'WEwould like to be satisfied in the above matter and also for the year 1968-69 on the basis of relevant record which are in possession of the management alone. Under the Payment of Bonus Act, 1965 the workmen are entitled to look into the position relating to bonus on the basis of balance sheets etc. I hope, you will not put obstacle to the law taking its own course. In the alternative the management will be at liberty to settle the matter mutually as has teen done in almost all the cinemas except a few new cinemas only. It is up to the management to indicate the position. We always stand for mutual settlement. If you like I will be too glad to send you a list of cinemas showing bonus paid to workmen.'
(6) In their reply dated 13th May 1970 the employers acknowledged receipt of the Association's letter and said that it was receiving attention. They also requested the Association to send a copy of the list of cinemas which had paid bonus. The third and last letter was written by the Association on 12th August 1970. The subject was again 'Annual Bonus for the year 1967-68 and 1968-69'. It confirms that the required list had been sent, and then complains.
'THEmanagement has only paid 8 % of wages as bonus unilaterally. The workmen are not satisfied. Please let us know if you are even now willing to settle the matter mutually or by arbitration'.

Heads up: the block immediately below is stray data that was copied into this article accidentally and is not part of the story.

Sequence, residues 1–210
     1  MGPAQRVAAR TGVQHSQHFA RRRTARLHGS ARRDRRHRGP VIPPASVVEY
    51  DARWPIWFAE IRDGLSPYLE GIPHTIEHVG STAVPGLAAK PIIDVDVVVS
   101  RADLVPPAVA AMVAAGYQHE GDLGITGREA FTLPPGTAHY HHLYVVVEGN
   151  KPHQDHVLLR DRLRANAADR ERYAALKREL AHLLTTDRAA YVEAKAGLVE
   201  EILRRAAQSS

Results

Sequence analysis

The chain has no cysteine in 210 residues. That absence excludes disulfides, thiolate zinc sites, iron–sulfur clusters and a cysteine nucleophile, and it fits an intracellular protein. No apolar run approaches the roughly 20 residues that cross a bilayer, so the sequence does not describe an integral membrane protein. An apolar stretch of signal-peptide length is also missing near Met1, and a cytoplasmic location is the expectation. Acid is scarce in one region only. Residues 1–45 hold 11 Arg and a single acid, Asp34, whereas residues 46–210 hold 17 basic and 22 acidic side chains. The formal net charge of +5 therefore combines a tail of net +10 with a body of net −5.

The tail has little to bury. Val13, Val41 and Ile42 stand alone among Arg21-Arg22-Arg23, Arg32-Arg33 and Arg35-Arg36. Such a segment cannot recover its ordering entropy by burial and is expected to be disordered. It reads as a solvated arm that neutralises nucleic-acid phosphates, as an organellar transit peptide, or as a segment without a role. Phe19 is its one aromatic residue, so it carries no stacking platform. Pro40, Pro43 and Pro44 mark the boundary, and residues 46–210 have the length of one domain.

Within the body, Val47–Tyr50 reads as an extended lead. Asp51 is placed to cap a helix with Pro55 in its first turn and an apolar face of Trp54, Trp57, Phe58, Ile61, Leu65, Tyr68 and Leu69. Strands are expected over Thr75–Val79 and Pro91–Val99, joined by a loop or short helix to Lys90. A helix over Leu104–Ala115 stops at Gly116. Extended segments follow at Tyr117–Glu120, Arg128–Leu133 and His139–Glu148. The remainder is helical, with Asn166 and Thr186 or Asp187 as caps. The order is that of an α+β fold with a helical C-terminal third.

(7) In our opinion, these letters read in a common sense may clearly contain a demand for bonus not only for the year 1967-68, but also for 1968-69. The subject of both letters written by the Association is both the years. They convey the dissatisfaction of the employees with the bonus paid, and demand to see the relevant record : obviously, to ascertain whether a larger amount of bonus was payable. Asking the employers to settle the matter amicably or by arbitration presumes the demand. Underlying all that was said is the demand for more bonus. The employers never complained they had cot understood what the Association meant. They said they were considering the matter. Their subsequent, and probably considered, reticence must be equated to a refusal. So a dispute arose. The demand may not have been worded with the precision that may be expected from a person legally trained, or perhaps, even from a more literate class of person; but, we think, the conclusion is irresistible, on a fair reading of those letters, that a demand for bonus for the year 1968-69 was made.